Wyatt Earp and his brothers Morgan and Virgil ride into Tombstone and leave brother James in charge of their cattle herd. On their return they find their cattle stolen and James dead. Wyatt takes on the job of town marshal, making his brothers deputies, and vows to stay in Tombstone until James' killers are found. He soon runs into the brooding, coughing, hard-drinking Doc Holliday as well as the sullen and vicious Clanton clan. Wyatt discovers the owner of a trinket stolen from James' dead body and the stage is set for the Earps' long-awaited revenge. Written by
Doug Sederberg <email@example.com>
The pre-release version print has additional footage and a different soundtrack from the released 1946 print and runs 103 minutes. See more »
Doc Holliday was supposed to be a surgeon in the movie. In fact, he was a dentist. On March 1, 1872, the Pennsylvania College of Dental Surgery in Philadelphia, conferred the degree of Doctor of Dental Surgery upon twenty-six men, one of whom was John Henry Holliday. See more »
MY DARLING CLEMENTINE ( rating, * * * * ½ out of 5 )
Adapted from the book 'Wyatt Earp, Frontier Marshal' by Stuart N. Lake, writers Samuel G. Engel, Winston Miller and Sam Hellman, and the great director himself John Ford, offer this most atmospheric depiction of Wyatt Earp, Doc Holliday and the most famous of shootouts in Western folk-lore.
The story basically covers the period when Wyatt Earp cleaned up Tombstone and wiped out the Clanton gang at the OK Coral. This is time-honored stuff. Nostalgic dramatizations that romanticized the Wild West while creating unforgettable heroes and notorious villains.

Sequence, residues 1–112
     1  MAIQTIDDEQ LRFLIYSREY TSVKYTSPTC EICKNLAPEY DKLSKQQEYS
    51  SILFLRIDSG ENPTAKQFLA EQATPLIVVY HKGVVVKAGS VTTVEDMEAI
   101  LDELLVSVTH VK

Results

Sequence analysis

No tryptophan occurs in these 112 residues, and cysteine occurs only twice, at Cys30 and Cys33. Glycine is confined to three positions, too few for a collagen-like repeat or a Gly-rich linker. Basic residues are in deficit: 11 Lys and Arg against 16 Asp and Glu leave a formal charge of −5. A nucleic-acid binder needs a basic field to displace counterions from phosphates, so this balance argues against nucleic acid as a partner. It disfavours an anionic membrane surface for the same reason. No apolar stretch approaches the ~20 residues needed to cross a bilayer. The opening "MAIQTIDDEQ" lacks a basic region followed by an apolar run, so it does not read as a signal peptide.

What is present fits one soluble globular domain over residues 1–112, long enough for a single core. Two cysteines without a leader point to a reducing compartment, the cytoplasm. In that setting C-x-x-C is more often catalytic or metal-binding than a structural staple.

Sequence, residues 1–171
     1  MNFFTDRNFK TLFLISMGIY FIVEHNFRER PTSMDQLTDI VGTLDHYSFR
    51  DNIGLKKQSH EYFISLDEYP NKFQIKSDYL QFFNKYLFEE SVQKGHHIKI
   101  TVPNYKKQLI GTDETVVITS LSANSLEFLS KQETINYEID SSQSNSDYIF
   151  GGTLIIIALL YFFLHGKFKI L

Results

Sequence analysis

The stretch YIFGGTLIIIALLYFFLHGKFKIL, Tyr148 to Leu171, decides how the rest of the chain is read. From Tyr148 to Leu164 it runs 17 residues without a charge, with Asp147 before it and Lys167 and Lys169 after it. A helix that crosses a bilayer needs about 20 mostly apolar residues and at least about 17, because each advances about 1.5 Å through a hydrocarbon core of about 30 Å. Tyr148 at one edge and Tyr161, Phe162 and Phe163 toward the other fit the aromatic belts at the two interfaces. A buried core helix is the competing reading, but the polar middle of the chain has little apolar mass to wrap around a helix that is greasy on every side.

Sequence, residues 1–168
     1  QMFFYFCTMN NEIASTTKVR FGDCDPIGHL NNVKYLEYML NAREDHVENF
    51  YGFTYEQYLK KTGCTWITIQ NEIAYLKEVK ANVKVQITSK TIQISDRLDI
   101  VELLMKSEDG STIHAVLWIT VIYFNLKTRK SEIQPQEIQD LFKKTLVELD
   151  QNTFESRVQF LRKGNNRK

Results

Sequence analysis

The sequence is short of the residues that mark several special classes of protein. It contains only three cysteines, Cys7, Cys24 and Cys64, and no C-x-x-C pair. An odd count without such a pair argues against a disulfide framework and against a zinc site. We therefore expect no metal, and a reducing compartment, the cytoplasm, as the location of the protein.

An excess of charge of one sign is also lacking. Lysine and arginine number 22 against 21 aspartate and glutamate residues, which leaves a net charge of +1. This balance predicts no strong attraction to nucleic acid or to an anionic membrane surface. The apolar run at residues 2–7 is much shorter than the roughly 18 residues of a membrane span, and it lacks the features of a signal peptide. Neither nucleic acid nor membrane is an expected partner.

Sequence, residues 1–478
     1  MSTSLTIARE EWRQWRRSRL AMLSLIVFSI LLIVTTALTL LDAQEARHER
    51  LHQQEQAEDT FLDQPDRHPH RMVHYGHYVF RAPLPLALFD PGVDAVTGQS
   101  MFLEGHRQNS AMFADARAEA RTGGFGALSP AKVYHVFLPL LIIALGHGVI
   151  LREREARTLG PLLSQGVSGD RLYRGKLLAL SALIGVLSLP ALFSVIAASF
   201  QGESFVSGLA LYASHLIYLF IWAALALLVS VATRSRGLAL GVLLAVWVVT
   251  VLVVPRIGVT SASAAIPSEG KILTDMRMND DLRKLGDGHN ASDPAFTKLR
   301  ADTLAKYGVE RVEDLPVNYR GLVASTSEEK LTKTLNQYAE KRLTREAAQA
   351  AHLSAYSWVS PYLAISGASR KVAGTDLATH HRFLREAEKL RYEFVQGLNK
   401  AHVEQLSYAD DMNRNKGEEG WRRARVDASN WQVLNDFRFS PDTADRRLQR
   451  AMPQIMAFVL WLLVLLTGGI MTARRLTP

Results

John Ford's handling of this motion picture is done with great care and obvious affection. Significant endeavor and attention to detail has gone into the period's reconstruction and the result is what can only be described as lyrical. A synchronous composition of sight and sound that produces a mesmerizing effect which in turn forces any viewer to fall instantly in love with this film.
Henry Fonda's portrayal of Wyatt Earp is without doubt the best that has ever been attempted and Victor Mature's Doc Holliday has him in rare form. Add cast members Walter Brennan, Linda Darnell, Ward Bond and John Ireland, and this film just crackles along.
There is one interesting irony I have noted. In John Ford's celebrated history as a director, particularly in the days when he was making silent films, the real Wyatt Earp acted as Ford's technical adviser bringing a new level of authenticity to gun play that Hollywood in the past had only guessed at. But in 'My Darling Clementine', the final shootout although well done, has a fantasy-like quality about it that avoids a sense of violent realism and adopts a surreal quality - as if seen through a dream.
Because John Ford knew all too well how to make a gunfight look believable, maybe this film allowed him to go beyond what was expected and to produce something a little special, and maybe it was shot in the way that Wyatt Earp wished it could have really happened. To successfully bend the rules, it really helps to have written them in the first place.
'My Darling Clementine' is a joy to behold. Sure, there are a few moments when minor cracks appear, but for pure entertainment value, it is unsurpassed. This movie is what going to the pictures on a Saturday afternoon was all about - those delightful matinee sessions when you'd load your arms up with confectionery, scramble for the best seats in the back row and experience the escapism that made growing up in the suburbs almost tolerable.
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